Tuesday, July 15, 2003
The Hood River County Planning Commission is expecting a large volume of pro and con testimony over Wal-Mart plans for a super center.
To accommodate crowds, the appointed body has scheduled back-to-back hearings on July 23 and 24. Both forums will be 7:30-11 p.m. in the auditorium at Hood River Valley High School.
“Whatever the length of presentation given by Wal-Mart, we’ve offered Citizens for Responsible Growth (CRG), as the organized opponents, the same amount of time,” said Mike Benedict, county planning director.
He said the first evening will be dedicated primarily to reports from varied officials. He said the first presentations will be given by staff, Wal-Mart and CRG. Those comments, expected to take about 90 minutes, will be followed by remarks from the Oregon Department of Transportation and other involved local and state agencies. Once these speakers have been heard from, Benedict said the floor will be turned over to members of the public. He said each individual is expected to be given three minutes to air his/her view of the application.
Testimony will continue on the second evening as residents weigh in on Wal-Mart plans for a 185,000 square foot store. The retail giant is seeking to build on 16 acres of commercially-zoned property at the junction of Frankton and Country Club roads.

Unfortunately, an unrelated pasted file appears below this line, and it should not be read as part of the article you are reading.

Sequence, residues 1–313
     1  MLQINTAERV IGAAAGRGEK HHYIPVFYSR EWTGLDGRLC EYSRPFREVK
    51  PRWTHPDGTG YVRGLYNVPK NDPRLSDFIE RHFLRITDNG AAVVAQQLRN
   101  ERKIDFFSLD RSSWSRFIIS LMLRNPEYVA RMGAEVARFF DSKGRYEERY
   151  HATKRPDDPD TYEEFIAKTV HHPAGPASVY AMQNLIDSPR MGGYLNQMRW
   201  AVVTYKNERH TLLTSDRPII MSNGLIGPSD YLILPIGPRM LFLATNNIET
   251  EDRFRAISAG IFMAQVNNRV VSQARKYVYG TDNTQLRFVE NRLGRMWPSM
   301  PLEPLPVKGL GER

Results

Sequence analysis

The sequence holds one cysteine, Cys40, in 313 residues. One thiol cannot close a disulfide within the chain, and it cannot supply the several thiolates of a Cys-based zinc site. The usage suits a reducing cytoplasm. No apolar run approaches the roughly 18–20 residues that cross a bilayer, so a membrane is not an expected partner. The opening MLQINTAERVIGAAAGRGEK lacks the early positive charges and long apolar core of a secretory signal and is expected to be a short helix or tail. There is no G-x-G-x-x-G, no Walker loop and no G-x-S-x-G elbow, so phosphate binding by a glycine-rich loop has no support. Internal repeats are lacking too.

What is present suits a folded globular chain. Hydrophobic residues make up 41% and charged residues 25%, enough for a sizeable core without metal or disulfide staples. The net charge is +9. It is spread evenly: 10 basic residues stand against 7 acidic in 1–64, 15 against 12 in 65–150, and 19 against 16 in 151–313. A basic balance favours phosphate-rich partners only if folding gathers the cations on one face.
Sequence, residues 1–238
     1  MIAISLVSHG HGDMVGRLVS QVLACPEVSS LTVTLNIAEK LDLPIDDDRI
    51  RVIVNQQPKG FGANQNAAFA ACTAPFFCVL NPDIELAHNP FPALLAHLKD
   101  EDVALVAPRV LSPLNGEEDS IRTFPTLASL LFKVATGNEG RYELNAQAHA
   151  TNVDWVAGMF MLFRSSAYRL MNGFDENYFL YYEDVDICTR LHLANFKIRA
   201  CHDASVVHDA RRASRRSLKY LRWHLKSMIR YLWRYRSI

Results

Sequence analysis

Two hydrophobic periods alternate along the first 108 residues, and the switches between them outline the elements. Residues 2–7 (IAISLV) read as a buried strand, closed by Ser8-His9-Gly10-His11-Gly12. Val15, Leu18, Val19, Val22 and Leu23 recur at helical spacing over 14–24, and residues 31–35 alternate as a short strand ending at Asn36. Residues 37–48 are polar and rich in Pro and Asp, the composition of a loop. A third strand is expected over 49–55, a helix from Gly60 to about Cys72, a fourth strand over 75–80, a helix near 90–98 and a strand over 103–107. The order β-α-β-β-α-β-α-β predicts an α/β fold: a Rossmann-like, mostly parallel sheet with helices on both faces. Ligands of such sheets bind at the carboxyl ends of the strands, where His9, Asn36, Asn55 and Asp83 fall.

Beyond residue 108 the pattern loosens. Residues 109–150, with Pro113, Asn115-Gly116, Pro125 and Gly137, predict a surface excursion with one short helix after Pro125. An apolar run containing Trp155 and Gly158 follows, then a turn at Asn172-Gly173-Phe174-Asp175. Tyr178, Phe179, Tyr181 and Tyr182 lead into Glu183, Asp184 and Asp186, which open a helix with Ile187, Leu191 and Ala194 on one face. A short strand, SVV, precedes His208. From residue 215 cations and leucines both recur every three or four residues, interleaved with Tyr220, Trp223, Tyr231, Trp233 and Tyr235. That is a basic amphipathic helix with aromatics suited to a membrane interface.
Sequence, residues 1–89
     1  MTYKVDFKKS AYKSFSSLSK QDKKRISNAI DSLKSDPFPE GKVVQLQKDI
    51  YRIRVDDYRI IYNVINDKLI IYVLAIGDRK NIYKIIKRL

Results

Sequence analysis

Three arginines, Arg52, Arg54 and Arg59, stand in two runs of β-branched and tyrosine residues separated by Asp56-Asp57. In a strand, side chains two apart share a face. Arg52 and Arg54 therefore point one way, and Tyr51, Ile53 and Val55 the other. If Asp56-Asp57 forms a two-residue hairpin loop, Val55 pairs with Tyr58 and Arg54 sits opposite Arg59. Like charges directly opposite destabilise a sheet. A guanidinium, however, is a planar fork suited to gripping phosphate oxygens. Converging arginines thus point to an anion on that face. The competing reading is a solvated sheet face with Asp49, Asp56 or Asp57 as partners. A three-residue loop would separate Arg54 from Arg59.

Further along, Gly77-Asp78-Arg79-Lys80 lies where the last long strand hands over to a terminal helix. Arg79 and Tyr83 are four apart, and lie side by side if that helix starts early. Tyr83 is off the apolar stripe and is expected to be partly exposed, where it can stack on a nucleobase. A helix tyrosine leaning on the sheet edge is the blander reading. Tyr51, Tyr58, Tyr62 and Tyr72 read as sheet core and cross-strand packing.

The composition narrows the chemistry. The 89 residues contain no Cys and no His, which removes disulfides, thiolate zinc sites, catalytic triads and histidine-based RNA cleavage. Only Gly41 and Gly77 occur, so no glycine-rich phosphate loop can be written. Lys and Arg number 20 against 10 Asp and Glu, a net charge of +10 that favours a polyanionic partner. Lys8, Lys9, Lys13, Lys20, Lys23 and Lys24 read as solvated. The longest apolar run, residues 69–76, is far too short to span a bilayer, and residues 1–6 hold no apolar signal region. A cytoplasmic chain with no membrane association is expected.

Amy Hill, Wal-Mart spokesperson, believes the company has adequately addressed the key issue of “compatibility.” She said Wal-Mart has added landscaping and rustic building features to make the large-scale building barely visible from along Interstate 84 and the upper parking lot of the Columbia Gorge Hotel. Hill said although the applicant has sought to alleviate concerns about this issue, the proposed site is already zoned for retail use — and can’t be compared to neighboring residential properties of a much smaller size.
“While certain elements of this design have been used in other places, a lot of things have been pulled together to make Hood River a unique store,” Hill said.
CRG contends that Wal-Mart’s changes to the exterior of the structure have still not subtracted from its overall mass — much larger than any other retail enterprise in Hood River. In addition to arguing against its compatibility, the group believes construction of the new Wal-Mart and 12 acre parking lot will generate numerous problems. These include traffic snarls, flooding to adjacent properties from stormwater runoff, and harm to the riparian area around Phelps Creek, which runs through the property.
“We don’t feel they’ve satisfactorily addressed those issues,” said Kate Huseby, CRG spokesperson. Following next week’s hearings, the Commission could approve or deny Wal-Mart’s application.
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Oil train car being transported by truck
A damaged rail car from the June 3, 2016 oil train derailment and fire is transported from the crash site via truck on I84. Enlarge